Date of this Version
Qiu, L., & Carrilo, C. M., & Munoz-Arriola, F. (2016, April). Toward Mining Massive and Multi-dimensional Data for Extreme Hydrometeorological and Climate Event Analyses. Poster presented at the UNL Spring 2016 Research Fair, Lincoln, NE.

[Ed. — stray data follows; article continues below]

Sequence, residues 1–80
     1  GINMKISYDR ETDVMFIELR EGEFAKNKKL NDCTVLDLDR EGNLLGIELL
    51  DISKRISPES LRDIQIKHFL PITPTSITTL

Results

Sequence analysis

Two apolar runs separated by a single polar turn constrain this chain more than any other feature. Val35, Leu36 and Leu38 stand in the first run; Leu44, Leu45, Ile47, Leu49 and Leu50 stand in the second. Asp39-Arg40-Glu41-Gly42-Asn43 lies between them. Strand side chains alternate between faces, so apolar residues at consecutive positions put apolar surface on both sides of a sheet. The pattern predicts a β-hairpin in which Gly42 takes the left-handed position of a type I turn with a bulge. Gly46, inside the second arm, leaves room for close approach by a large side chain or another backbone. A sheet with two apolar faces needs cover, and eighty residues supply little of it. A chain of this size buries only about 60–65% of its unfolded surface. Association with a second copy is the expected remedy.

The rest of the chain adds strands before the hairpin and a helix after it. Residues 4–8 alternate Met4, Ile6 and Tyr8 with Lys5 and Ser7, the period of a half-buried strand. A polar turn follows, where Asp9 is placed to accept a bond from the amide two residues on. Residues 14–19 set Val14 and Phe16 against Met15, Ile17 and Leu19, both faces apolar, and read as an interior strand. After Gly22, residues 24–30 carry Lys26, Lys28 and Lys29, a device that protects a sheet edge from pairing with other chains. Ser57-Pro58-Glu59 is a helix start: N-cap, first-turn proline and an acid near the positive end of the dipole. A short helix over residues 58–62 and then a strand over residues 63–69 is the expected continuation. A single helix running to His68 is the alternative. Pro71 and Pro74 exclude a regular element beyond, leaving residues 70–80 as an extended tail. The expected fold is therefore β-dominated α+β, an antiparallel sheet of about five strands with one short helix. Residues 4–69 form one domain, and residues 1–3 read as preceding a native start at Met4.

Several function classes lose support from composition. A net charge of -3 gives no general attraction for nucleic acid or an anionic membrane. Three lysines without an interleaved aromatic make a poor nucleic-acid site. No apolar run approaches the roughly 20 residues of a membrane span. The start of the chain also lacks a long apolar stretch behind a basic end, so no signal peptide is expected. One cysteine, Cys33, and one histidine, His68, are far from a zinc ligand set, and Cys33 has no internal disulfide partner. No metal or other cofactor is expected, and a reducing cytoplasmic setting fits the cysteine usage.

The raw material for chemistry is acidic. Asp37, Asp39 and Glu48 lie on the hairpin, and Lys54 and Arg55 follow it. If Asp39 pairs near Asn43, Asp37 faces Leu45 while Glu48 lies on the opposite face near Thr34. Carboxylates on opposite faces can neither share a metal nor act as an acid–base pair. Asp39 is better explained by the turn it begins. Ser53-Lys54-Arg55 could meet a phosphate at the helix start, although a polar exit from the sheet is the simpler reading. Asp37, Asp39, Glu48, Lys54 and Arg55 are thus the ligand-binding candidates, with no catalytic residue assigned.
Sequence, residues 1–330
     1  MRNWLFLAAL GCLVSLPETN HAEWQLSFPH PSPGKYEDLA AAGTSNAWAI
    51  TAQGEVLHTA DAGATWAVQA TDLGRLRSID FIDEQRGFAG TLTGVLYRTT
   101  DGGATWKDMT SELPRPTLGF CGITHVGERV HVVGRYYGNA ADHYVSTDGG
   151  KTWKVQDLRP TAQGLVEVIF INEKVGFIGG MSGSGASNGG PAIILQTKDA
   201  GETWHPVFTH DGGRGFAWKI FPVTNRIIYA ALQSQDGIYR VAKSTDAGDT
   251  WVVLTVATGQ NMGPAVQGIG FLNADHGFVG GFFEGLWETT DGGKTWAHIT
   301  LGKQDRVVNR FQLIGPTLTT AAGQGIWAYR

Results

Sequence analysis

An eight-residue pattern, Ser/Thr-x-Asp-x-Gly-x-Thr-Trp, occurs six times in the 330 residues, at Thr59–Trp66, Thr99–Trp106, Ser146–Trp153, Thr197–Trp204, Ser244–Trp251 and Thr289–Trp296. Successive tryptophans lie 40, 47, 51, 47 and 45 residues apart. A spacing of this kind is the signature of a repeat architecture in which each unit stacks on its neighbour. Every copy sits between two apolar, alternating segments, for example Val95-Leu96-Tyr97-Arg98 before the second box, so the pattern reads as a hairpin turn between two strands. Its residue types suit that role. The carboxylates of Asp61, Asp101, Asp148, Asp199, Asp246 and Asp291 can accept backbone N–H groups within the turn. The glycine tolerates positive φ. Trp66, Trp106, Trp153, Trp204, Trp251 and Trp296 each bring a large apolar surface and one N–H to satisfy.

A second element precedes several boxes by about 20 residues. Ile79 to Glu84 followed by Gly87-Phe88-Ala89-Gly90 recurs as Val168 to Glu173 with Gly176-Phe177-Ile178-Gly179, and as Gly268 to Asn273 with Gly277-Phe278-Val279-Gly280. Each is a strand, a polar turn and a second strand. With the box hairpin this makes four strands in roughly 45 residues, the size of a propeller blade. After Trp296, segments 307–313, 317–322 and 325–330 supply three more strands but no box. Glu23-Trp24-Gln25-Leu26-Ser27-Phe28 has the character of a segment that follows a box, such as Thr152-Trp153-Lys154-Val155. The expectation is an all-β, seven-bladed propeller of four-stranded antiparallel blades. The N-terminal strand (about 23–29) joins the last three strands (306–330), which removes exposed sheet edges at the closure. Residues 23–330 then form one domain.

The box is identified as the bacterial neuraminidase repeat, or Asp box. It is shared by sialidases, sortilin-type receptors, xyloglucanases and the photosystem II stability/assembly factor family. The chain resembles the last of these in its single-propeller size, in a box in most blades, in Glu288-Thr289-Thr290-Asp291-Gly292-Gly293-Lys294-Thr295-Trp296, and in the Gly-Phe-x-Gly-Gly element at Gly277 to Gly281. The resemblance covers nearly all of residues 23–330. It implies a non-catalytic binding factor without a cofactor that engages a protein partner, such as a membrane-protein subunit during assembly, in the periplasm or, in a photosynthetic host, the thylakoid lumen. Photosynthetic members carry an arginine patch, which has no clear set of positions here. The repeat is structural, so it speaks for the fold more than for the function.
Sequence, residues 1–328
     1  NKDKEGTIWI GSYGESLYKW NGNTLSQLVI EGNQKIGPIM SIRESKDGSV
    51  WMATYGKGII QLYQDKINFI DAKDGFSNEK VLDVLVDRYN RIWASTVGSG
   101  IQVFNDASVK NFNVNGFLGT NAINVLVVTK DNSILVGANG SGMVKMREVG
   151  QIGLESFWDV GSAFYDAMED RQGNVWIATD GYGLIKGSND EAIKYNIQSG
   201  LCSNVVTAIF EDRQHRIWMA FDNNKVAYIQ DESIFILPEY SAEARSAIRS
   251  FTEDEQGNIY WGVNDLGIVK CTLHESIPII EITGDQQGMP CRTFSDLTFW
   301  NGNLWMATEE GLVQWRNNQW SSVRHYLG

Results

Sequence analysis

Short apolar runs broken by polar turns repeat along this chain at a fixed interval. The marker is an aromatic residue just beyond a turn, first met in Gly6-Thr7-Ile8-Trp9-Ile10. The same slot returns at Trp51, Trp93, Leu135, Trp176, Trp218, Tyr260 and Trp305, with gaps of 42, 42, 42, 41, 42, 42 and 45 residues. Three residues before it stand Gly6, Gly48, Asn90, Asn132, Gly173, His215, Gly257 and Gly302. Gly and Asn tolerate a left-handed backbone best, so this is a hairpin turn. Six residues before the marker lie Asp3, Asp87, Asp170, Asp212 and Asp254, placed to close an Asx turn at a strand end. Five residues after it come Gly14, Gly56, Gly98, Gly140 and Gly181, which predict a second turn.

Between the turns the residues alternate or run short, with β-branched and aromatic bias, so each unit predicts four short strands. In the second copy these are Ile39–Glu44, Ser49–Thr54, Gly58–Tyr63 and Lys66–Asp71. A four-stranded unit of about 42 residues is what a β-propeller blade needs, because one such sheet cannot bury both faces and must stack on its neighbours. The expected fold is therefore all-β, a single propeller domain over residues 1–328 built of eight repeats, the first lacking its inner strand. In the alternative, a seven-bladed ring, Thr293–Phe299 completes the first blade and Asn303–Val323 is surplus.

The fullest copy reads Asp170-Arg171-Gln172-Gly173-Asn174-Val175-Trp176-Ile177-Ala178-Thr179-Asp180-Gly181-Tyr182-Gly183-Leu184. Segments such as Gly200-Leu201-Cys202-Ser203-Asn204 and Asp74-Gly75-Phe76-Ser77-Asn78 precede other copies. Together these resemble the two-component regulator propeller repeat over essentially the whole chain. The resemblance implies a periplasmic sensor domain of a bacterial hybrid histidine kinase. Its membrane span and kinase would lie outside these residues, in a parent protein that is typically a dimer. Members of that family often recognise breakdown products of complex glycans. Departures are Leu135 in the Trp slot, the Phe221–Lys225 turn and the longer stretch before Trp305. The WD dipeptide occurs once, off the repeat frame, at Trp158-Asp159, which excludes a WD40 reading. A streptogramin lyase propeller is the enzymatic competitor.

This poster presents the research on the main patterns of spatial distribution and temporal variability of precipitation and temperature in the Missouri River Basin (MRB). MRB has 117 million acres in cropland, produces of 46%, 22%, and 34% US's wheat, corn, and cattle, respectively. Also, MRB is known for intense weather and extreme climate variability. The approach is to identify different patterns of spatial distribution and temporal variability of precipitation and temperature through the use of a Principal Component Analysis. We have found that precipitation and temperature are the ideal meteorological variable to test spatiotemporal variability of extreme events using simple ( composite analysis) and sophisticated (EOF) statistical techniques. The EOF data mining technique is able to portray the dry and wet events of the MRB climatic variability of the last 50 years. Wet and dry events in the interannual scale of variability are captured as the statistically dominant mode of EOF for summer and winter.